Confused by some of the health news you see and hear? One day something is good for you, the next someone makes the case that it’s not. It seems like there’s a study out there that will prove (or at least strongly suggest) almost everything. It’s very difficult to know what you can believe anymore.
Saturated fat is universally recognized as being bad, right? Wrong, there are health benefits associated with saturated fats. Well then what’s better for you, a high-protein or a low-protein diet? There’s plenty of research out there that to suggest that high protein is the answer. There’s no lack of studies that seem to show low protein will extend your life (especially if you’re a fly).
Part of the problem is that human beings are incredibly hard to test. We’re not willing to be locked in cages and monitored 24 hours-a-day cradle to grave. So eliminating variables becomes very problematic, especially when trying to differentiate cause and effect. Another big problem can be contributed to what is known as “bad science”. According to Sourcewatch:
Bad Science” usually refers to information presented as a scientific finding that is not based on research using recognized scientific methods. In conversation, speeches or texts, “bad science” may refer to flawed science that does not necessarily reflect a particular bias. “Bad science” can refer to poor research, biased research or to faulty information that might not even be based in scientific research.
Propagandists can exploit flawed science to suggest conclusions not supported by research. Propagandists sometimes filter the otherwise unimpeachable work of unbiased scientists, presenting only findings favorable to the propagandist’s goals. Misrepresented by a propagandist, “good science” might become bad science.
Money, opportunities for recognition and other interests can interfere with the work of scientists. Agendas, affiliations and preconceptions can bias the work of professional researchers. Propagandists can more easily exploit the work of biased scientists. At the extreme, scientists can become propagandists, primarily producing research to support an employer’s interests.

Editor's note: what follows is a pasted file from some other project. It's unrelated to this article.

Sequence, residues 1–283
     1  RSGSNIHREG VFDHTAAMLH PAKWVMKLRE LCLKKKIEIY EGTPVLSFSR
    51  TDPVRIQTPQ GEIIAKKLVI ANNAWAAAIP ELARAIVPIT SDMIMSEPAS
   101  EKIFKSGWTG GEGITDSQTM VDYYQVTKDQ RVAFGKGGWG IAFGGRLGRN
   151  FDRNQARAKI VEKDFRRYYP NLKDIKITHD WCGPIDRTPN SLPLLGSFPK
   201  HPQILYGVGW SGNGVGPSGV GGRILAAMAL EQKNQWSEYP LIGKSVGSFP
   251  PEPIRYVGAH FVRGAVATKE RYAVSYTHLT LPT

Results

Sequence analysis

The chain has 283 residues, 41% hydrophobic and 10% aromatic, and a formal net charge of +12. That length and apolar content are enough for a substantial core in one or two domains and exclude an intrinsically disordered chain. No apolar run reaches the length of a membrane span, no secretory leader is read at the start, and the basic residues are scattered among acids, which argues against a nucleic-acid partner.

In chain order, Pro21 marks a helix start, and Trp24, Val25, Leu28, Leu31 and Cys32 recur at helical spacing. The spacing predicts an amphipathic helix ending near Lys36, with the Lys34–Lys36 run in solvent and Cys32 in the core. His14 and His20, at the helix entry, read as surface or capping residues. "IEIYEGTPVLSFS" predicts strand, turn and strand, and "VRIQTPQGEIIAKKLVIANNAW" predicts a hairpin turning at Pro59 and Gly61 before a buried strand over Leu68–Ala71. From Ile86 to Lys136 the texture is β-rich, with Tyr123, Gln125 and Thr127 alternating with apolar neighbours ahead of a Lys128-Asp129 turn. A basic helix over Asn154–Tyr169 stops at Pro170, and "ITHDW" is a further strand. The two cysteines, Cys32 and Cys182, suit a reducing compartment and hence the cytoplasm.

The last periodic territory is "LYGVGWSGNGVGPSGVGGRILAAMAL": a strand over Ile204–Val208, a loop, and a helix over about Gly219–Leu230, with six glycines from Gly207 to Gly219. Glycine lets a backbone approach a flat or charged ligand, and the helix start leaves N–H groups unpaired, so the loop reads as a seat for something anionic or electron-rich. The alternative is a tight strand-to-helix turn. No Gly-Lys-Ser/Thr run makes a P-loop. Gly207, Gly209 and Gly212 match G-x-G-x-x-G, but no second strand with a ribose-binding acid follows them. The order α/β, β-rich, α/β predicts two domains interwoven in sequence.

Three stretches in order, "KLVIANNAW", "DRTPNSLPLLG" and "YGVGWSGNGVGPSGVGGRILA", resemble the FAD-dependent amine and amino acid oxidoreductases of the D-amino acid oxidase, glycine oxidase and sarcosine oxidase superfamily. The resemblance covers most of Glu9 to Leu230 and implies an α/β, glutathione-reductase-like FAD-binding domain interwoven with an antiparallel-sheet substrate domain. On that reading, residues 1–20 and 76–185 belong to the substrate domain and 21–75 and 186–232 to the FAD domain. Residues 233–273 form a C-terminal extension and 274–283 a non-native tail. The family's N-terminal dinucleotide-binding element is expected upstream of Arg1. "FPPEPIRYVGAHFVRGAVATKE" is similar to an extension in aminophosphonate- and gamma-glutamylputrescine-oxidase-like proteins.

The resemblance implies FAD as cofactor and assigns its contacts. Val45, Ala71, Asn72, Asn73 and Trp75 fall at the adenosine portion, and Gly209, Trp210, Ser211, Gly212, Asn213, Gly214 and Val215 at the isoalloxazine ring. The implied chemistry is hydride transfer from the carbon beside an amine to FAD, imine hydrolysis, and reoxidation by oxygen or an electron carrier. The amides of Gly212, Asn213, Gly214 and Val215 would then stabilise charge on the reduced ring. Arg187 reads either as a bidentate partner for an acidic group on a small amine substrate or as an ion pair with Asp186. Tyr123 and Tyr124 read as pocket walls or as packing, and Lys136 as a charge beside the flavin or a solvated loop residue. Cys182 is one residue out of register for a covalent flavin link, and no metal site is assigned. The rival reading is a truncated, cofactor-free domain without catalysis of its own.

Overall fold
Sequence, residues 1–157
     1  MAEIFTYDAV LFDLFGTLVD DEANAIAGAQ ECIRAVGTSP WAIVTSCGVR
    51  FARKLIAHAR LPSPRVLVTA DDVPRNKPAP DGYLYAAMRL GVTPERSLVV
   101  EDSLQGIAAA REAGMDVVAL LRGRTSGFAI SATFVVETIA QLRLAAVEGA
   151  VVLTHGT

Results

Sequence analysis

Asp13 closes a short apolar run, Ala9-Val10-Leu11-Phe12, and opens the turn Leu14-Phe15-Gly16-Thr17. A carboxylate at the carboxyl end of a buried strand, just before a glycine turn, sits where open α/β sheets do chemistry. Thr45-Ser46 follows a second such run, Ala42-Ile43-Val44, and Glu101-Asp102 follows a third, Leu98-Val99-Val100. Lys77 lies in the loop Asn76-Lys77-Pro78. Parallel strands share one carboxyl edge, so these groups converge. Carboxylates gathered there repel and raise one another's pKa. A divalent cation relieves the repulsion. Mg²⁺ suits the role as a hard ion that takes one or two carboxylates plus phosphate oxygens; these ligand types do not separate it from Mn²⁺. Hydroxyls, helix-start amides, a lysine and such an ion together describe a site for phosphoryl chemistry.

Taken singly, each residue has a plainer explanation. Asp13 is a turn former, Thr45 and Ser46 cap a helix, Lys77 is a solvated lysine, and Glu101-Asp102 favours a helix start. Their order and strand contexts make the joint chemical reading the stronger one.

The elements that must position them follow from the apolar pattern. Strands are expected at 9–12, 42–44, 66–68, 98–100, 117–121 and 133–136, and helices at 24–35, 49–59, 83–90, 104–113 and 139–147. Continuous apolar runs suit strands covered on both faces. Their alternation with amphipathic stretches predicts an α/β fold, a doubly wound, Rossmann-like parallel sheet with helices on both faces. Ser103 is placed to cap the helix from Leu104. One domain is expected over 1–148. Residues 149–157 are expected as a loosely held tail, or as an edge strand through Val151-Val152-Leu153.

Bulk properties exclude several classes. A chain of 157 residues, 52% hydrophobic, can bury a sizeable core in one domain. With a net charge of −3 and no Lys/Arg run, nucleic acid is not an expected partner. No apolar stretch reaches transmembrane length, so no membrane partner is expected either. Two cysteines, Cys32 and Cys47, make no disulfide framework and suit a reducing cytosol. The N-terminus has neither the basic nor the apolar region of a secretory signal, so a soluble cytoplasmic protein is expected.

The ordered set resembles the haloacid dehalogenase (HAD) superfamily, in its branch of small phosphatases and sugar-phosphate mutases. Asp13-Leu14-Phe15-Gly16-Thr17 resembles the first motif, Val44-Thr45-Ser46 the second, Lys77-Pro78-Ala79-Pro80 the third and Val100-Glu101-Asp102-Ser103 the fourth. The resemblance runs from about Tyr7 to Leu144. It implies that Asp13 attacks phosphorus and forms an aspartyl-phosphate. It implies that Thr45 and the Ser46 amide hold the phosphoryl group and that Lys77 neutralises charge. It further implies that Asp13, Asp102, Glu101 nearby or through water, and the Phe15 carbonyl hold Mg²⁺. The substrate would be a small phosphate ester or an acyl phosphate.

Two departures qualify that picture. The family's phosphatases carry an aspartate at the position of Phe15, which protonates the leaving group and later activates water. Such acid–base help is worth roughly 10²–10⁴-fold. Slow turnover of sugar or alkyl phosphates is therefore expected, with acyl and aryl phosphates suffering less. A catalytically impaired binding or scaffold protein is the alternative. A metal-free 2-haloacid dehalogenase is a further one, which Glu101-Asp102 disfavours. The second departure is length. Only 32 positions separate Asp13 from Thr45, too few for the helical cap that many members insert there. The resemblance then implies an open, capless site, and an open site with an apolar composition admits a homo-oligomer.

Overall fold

Here is a very common example of bad science. Vegetarians will often cite studies that show the life expectancy of practicing 7th Day Adventists is considerably longer than the general population. They will then cite this fact as proof that eating meat shortens your life and is inherently unhealthy.
What they don’t tell you is that members of the LDS Church (Mormons) enjoy their meat and have similar life expectancies. Could it be something else that these religions share in common that leads to better health? Do you think that maybe abstaining from tobacco, alcohol, and caffeine might play a role?
More recent studies have shown that people with a strong religious faith, regardless of denomination, live longer lives. Dig a little deeper and it makes sense: churchgoers are better educated, wealthier, take part in more social activities, and have a wider network of family and friends. Those are all traits that we know contribute to healthier living.
But even after factoring in all of these external variables the researchers found that a “strong association” still persists between infrequent or no religious attendance and higher mortality risk. Does that prove that going to church and having strong religious beliefs extends lives?
It might. But maybe just gathering together with a group of people who share similar beliefs could be the trigger. Do active members in a service club or organization experience similar benefits? How about health club members? Does exercising religiously count? (ha-ha)
This blog went off on a different tangent today than I had planned, and I probably asked more questions than I answered. But that’s OK, they’re stimulating questions to get the week rolling. The gray matter needs to get a workout in sometimes too.